Illustration Credit: Rel Ryann

There are many ways to describe what depression feels like. It has been described to me by friends as being a pit, a cavernous hole of darkness into which something pulls you deeper and deeper.  

As an incoming student, you ought to know that you will have this feeling once—the feeling of being overwhelmed. 

You’re going to wake up one morning and everything is going to feel heavier. Your backpack is going to burn into your shoulders, your legs will drag and your mind will wander to a thousand different destinations, never settling. 

I’m now entering my fourth year of university, but merely two years ago, I felt this pull. It’s hard to describe what it felt like, because no words, arranged in any order, will be able to aptly capture how it felt. The only way I have attempted to describe it is as though you are lost at sea and in the faint horizon, you can see the shoreline. Beautiful green trees, brown peaks sticking out above the waves and you keep on swimming as best you can towards the shore— towards safety. 

But something pulls you under.

You put off your school work and say it isn’t important, or that it can wait, or that you’ll get to it. The stress adds up and eventually, the house of cards comes crashing down. You start alienating yourself from your friends and significant other, and you meander through the school year in a cocktail of self-loathing and self-pity.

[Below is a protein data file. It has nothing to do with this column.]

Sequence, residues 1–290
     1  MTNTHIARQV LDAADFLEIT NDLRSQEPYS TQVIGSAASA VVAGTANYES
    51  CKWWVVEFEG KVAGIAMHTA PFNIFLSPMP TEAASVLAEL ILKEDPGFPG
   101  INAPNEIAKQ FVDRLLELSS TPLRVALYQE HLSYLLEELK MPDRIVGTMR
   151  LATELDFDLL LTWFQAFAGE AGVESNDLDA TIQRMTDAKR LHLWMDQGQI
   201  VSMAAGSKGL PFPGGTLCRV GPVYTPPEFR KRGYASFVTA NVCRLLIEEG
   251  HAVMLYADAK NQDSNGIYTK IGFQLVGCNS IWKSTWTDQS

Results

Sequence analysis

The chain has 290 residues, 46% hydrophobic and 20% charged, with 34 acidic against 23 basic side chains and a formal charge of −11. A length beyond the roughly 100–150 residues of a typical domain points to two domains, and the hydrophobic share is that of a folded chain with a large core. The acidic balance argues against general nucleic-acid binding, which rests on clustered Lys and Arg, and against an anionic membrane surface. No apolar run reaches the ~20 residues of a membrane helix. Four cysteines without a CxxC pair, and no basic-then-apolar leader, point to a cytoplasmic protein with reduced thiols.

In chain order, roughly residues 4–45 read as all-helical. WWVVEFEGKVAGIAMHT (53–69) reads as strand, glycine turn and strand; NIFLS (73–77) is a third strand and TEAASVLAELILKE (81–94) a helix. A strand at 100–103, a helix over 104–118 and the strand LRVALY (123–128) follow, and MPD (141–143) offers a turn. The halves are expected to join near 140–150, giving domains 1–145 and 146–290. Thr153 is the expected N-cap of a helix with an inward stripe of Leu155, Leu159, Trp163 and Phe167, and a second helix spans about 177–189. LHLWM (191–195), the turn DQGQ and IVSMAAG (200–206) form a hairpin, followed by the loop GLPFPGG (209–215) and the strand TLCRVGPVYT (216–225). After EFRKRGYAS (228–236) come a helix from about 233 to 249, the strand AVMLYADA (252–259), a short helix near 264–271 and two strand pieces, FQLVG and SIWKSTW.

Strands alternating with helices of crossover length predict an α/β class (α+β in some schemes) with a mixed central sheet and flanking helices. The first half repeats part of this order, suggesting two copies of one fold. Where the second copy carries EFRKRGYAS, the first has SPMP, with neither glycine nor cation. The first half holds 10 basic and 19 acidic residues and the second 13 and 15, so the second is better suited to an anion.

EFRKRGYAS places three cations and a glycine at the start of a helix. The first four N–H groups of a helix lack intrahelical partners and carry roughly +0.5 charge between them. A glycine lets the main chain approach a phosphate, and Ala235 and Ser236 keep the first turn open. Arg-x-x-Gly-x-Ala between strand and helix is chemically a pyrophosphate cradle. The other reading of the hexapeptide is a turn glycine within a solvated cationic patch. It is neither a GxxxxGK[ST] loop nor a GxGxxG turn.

But remember that university is physical as much as it is mental.

You’re going to spend many hours hunched over in the dark, dank libraries of the University of Toronto. Whether it be the behemoth that is Robarts, the sleek Bora Laskin Law Library or perhaps Gerstein Science Laboratories—wherever you may be huddled over the blue glow of your laptop or a stack of books, it’s going to take a toll on your body. And if your body doesn’t feel good, then how do you expect your mind to feel good? Therefore, to keep your mind healthy, we’re going to have to keep your body healthy.